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Forget to Eat? A Guide to Mechanical Eating for Neurodivergent Adults

An image of a food clock with text that says "Forget to Eat? A Guide to Mechanical Eating for Neurodivergent Adults"
“Forget to Eat? A Guide to Mechanical Eating for Neurodivergent Adults” was written by Kaitlyn Wilson and edited/reviewed by Rivah Goldstein, MScFN, RD and Jackie Silver, MHSc, RD.
Medical Disclaimer: The information in this article is meant for educational purposes only. It is not intended to be personalized medical or nutrition advice. For a plan tailored to your needs, please consult with a Registered Dietitian or qualified healthcare professional.
Disclosure: This post may contain affiliate links with which I may earn a small commission but at no additional cost to you. Affiliate links help bloggers like me to provide you with free content. All opinions expressed here are genuine. 
Last updated: August 8, 2023

Have you ever gone a full day forgetting to eat? Our bodies tell us when to eat with feelings of hunger and fullness. However, sometimes neurodivergent folks may have difficulty recognizing these signs. Join us as we discuss a hot topic in nutrition for folks with ASD and/or ADHD: mechanical eating! This mealtime strategy can ensure you fill your body with the proper energy and nutrients it needs to thrive when you can’t rely on appetite cues.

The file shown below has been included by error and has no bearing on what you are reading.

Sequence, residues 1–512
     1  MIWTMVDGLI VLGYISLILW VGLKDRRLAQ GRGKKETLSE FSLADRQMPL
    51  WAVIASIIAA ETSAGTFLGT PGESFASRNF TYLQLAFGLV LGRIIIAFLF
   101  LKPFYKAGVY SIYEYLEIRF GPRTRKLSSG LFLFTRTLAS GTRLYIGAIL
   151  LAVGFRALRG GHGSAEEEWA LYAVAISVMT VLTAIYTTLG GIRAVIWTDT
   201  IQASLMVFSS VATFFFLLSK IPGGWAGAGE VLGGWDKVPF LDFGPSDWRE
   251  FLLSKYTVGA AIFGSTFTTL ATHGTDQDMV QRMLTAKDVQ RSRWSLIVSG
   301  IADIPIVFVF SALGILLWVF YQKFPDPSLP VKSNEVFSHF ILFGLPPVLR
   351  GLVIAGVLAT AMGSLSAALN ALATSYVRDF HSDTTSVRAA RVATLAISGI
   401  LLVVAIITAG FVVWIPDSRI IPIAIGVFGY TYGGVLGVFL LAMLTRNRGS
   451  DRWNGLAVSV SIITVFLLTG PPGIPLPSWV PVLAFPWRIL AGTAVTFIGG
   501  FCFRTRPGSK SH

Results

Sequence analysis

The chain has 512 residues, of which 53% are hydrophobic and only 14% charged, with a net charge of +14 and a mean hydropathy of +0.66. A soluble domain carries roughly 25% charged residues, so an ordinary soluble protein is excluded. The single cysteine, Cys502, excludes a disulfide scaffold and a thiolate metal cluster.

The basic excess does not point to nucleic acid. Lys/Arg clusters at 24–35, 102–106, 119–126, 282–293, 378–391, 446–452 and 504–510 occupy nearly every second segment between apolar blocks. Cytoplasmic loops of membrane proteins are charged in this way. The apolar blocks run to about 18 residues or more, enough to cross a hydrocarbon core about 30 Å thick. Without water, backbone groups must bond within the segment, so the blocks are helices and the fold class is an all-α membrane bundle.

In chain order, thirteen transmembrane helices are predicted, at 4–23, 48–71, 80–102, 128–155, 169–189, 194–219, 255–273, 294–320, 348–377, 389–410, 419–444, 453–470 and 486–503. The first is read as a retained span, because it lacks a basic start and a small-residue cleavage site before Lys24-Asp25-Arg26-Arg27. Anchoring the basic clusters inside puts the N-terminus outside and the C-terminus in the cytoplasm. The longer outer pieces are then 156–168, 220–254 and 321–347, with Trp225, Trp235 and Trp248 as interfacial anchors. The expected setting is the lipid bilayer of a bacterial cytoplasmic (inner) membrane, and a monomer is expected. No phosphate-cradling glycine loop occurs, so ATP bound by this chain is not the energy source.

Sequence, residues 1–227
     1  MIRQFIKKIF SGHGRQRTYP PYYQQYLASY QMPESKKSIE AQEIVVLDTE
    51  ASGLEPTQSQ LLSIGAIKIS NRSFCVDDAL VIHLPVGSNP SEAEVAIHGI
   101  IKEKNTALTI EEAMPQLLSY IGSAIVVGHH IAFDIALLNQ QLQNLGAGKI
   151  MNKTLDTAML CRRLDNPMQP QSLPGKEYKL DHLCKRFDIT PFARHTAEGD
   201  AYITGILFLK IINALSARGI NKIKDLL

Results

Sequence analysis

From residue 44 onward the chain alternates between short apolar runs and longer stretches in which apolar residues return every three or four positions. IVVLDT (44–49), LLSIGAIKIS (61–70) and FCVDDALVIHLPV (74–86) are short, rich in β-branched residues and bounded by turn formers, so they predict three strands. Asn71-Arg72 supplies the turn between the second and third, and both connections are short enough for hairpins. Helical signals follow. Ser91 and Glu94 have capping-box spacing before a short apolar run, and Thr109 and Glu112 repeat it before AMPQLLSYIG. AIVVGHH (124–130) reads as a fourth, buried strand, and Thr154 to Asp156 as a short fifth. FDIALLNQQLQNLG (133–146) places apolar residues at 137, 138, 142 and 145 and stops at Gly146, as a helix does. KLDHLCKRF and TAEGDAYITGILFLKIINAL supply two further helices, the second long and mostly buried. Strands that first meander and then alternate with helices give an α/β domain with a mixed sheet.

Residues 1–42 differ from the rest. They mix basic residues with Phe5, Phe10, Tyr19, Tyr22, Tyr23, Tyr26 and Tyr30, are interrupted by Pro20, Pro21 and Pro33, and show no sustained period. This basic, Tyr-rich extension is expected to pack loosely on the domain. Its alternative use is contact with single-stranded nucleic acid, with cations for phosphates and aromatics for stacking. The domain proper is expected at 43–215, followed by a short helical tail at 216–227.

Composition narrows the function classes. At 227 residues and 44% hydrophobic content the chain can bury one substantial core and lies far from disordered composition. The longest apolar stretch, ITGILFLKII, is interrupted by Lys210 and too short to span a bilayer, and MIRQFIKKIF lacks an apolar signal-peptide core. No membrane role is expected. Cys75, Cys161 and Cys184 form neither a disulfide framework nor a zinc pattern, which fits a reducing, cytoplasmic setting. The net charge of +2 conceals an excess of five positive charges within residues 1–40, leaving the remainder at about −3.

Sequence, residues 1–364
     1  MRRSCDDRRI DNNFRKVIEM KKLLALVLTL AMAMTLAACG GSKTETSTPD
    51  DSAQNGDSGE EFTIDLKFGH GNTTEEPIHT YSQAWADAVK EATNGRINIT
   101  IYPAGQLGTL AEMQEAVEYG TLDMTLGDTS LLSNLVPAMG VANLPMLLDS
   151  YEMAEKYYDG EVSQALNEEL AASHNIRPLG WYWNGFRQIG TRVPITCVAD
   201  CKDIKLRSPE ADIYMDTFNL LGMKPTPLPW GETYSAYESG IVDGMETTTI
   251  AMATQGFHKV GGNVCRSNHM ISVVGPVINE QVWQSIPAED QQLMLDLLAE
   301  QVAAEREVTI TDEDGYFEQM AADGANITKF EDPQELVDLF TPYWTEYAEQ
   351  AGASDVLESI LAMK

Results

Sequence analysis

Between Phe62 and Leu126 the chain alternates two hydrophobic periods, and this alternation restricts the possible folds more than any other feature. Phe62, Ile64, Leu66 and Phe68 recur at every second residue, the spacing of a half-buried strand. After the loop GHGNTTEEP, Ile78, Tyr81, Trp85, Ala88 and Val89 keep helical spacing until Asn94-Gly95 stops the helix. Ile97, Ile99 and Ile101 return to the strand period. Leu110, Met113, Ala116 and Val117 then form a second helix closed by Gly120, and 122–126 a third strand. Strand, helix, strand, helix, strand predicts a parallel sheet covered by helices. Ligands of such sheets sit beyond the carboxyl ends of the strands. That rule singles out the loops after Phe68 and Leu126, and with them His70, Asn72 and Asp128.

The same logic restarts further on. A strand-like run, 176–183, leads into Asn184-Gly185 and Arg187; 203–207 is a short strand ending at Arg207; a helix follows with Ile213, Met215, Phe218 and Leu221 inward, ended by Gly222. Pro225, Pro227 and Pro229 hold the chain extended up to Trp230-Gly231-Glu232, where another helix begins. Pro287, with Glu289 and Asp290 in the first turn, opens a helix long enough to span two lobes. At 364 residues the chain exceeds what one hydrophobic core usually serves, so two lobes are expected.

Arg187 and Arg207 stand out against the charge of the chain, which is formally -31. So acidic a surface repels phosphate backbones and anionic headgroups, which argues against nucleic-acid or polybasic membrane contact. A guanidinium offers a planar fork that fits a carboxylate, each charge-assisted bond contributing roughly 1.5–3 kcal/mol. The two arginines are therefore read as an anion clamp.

Why do neurodivergent adults often forget to eat? Signs you may benefit from mechanical eating

If you find yourself forgetting to eat, please know that this is common for neurodivergent folks! Did you know there is research that explains why people with ASD (Autism Spectrum Disorder) and ADHD (Attention Deficit Hyperactivity Disorder) often forget to eat? 

Caption: A green thought bubble with an empty plate, for, and knife is surrounded with reasons neurodivergent adults forget to eat. The reasons include: medication side affects, reduced interoception, hyperfocus, decision paralysis, sensory sensitivities, executive functioning, and rigid routines - A Guide to Mechanical Eating for Neurodivergent Adults

Let’s further explore these reasons:

  • Medication Side Effects: Certain medications used to manage ADHD symptoms, such as stimulants, can suppress your appetite as a side effect. This can lead to decreased interest in eating or forgetting to eat because you aren’t feeling hungry. 
  • Decision Fatigue: With so many food options available, it can feel overwhelming to decide what to eat. Some people experience decision fatigue, where they find it difficult to make a choice. In such cases, it seems easier to choose not to eat anything.